VICTORIA - Random notes on more taxpayers' money for the old Skeena Cellulose, a successful deal with the doctors and the risks of an environmental battle with the U.S..
Taxpayers - both local and provincial - appear to be on the hook for some $20 million in subsidies for the latest effort to revive New Skeena, the reincarnation of Skeena Cellulose.
The Liberals lasted the NDP's bailout of Skeena, which wound up costing taxpayers more than $400 million. And they've promised to end business subsidies.
But while the the details are still to come, cabinet has quietly changed the rules so northwest towns can write off taxes owed them by Skeena. The Terrace Standard reports that the towns are ready to write off more than half the $30 million they're owed in unpaid property taxes, with Prince Rupert taking the biggest hit. The province is also prepared to write off $5 million in school property taxes, the Standard reports.
Thats sounds remarkably like a subsidy. But New Skeena hasn't operated since the Liberals pulled the plug on the old company in 2001, and sold it for $8 million. It now apparently stands a good chance of negotiating a $70-million investment by The Woodbridge Company, the holding company for billionaire Ken Thomson and his family. That's about half the capital needed to restart the business.
But paying the back taxes would have gobbled up much of the investment, and Woodbridge apparently wanted a break. And now it will get it.
The move will play well in the region.
But it's tough to square with the Liberals' promise of no more business subsidies. Skeena gets a a tax break, while other forest companies - some in tough shape - have to make good on their debts.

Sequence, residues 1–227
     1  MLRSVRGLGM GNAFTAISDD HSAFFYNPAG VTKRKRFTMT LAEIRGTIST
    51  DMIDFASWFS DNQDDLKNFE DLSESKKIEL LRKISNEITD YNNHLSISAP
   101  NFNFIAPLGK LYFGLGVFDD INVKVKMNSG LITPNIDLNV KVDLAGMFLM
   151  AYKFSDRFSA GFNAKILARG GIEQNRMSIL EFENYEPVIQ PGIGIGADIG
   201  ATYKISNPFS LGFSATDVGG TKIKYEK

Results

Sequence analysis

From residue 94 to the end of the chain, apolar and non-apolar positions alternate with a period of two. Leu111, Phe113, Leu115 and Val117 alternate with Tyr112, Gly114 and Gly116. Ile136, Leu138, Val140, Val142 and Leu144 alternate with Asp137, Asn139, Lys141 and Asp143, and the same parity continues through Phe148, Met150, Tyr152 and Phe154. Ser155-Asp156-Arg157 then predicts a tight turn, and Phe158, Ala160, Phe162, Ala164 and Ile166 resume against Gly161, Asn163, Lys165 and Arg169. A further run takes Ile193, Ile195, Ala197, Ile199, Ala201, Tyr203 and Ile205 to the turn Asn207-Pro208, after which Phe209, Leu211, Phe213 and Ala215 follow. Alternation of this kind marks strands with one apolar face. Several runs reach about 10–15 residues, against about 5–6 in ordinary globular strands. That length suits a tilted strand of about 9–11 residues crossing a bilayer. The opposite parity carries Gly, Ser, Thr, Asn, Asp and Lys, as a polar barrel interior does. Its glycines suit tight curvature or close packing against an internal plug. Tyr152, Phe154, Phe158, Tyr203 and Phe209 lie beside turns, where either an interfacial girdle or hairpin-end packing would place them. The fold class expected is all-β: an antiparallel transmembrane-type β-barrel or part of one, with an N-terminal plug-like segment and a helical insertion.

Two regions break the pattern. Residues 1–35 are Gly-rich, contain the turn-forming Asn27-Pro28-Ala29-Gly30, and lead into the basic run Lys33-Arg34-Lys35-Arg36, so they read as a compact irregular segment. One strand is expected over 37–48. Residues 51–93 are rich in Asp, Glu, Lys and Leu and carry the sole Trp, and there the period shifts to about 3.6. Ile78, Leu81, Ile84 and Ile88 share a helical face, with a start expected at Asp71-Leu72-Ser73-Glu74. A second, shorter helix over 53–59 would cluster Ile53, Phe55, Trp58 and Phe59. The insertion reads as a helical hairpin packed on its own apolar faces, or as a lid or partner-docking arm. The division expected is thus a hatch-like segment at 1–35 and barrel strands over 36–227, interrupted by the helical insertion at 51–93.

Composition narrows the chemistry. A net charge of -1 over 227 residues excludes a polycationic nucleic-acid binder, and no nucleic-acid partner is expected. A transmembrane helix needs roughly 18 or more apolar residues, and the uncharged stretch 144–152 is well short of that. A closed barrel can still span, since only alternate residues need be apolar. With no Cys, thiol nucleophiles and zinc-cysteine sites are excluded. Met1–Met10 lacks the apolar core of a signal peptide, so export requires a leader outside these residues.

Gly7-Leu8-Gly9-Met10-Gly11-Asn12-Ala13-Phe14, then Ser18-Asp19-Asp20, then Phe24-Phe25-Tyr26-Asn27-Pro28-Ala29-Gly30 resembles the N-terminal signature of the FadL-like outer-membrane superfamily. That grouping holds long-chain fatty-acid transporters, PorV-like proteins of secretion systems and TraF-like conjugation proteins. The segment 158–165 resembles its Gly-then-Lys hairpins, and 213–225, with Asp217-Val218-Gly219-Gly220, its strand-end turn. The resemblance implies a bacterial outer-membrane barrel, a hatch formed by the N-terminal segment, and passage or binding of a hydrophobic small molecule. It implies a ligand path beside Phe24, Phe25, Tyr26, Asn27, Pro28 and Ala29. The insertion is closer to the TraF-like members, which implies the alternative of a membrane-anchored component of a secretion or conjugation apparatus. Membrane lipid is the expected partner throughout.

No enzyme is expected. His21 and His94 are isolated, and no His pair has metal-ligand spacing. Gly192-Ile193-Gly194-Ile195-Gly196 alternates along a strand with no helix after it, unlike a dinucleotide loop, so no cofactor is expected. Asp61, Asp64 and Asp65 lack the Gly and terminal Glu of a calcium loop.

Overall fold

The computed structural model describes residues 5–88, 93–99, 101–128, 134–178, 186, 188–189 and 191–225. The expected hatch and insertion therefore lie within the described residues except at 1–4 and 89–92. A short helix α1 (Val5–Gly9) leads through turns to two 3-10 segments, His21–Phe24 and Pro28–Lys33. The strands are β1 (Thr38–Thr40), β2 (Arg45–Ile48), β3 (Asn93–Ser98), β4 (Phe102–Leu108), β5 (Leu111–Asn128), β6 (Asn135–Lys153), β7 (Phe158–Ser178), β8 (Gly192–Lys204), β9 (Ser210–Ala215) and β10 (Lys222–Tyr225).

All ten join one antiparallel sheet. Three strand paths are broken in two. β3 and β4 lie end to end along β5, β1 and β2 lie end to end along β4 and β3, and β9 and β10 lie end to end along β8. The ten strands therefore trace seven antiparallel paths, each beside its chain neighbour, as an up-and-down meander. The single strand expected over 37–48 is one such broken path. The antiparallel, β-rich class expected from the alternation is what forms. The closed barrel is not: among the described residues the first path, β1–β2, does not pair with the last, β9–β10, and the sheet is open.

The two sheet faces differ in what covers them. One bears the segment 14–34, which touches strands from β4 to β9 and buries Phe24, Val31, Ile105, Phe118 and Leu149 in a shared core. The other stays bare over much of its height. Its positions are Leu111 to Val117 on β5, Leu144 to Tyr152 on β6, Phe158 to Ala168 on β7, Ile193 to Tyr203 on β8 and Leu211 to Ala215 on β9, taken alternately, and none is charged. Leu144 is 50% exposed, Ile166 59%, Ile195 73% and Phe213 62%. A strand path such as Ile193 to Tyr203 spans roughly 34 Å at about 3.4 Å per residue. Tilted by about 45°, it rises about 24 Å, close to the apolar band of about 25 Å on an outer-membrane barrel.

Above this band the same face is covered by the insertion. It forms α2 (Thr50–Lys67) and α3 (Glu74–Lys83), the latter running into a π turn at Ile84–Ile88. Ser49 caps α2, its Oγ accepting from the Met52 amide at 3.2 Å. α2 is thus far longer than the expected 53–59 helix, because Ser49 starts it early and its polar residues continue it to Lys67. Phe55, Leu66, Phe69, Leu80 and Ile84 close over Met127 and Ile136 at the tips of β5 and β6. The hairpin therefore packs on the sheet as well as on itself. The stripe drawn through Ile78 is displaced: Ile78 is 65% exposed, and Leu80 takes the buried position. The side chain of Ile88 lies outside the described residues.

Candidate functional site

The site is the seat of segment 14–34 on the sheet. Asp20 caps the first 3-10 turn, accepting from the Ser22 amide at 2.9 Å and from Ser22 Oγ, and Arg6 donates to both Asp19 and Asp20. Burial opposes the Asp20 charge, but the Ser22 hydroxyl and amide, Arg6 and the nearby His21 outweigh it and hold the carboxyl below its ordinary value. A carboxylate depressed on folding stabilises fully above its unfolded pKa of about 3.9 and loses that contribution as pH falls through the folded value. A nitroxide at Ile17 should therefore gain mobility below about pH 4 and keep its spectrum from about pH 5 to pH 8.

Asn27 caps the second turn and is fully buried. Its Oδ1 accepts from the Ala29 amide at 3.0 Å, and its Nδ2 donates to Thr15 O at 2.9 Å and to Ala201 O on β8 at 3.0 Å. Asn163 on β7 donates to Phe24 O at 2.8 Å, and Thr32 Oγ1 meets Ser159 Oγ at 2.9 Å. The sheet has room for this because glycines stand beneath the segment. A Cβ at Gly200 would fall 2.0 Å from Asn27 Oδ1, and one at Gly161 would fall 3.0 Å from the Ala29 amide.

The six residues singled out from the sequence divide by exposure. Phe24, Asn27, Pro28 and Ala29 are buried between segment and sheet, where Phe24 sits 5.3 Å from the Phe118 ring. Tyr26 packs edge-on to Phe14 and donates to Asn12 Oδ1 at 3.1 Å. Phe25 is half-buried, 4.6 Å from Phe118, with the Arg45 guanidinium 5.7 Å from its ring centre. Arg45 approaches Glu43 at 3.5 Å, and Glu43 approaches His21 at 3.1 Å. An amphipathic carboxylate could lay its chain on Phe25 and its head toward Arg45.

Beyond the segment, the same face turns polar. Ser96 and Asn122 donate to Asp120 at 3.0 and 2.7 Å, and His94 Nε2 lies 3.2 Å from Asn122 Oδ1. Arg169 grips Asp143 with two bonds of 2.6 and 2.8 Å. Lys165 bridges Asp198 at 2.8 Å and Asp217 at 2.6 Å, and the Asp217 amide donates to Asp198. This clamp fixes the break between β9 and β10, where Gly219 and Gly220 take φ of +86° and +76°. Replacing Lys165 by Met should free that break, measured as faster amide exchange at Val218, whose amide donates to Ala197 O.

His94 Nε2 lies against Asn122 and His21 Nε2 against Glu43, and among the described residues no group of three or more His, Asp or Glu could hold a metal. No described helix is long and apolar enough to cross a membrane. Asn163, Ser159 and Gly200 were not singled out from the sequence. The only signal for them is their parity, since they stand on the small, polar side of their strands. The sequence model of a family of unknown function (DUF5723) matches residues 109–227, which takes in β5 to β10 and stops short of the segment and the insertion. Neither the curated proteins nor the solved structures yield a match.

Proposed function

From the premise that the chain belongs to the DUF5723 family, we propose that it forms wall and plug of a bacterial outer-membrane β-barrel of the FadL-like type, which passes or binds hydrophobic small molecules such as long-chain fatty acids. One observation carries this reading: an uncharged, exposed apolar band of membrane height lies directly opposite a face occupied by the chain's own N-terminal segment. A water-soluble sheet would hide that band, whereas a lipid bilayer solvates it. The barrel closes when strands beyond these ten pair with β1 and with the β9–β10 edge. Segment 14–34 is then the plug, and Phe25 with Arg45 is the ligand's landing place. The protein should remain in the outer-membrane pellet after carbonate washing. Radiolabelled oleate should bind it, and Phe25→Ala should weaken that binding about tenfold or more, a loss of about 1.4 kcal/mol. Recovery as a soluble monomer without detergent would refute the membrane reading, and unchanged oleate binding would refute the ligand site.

Next date to watch is Aug. 9, when New Skeena, currently under bankruptcy protection, is back in court.
Good news for the government, and the public, in the new deal with the province's doctors. Doctors and government bashed each other when talks began last year, but this week Health Minister Colin Hansen and BCMA head Jack Burak announced a three-year deal. Doctors get no overall increase in the first two years, but about $100 million within the annual budget - about four per cent - will be moved around to meet their needs and improve care. About $60 million of the money comes from reduced payments for lab services; the other $40 million will come from unused money apparently sloshing around in the health care system.
Doctors also win binding arbitration in year three, although Hansen was quick to note that the government reserves the right to reject the deal, making it at best semi-binding.
The government made much of the fact that doctors accepted the no-wage-increase policy, like others in the public sector.
But the real win was in getting any kind of deal without a bitter dispute. Doctors, health authorities and the province are going to have to work together to make the health care system work better, and this is a good step.
Who would have thought that the toughest opposition to coalbed methane development in B.C. would come from across the U.S. border?
The province is auctioning off some leases in the Kootenays for development of coalbed methane reserves, but it's facing a fierce fight from Montana politicians and environmentalists, including the state's governor and powerful Senator Max Baucus, a frequent foe of Canada.
The reserves are near the border and an U.S. national park, and the Americans say B.C. hasn't done enough planning and investigation of environmental risks. Energy Minister Richard Neufeld says B.C. has a strong regulatory system and detailed studies aren't needed until the companies are ready to start work.
The issue of coalbed methane rates a separate column.
But the government, which is counting heavily on coalbed methane development across B.C., should be very alarmed at the U.S. opposition and the likely support it will garner in some corners of the province.
Footnote: Government can't stop fires. It can reduce the economic fallout. For the second year, tourism businesses are reporting cancelled trips by people from Europe and the U.S., who are convinced the province is on fire. An emergency fund of $2 million would be enough to counter the misinformation with some targeted messages aimed a our best markets.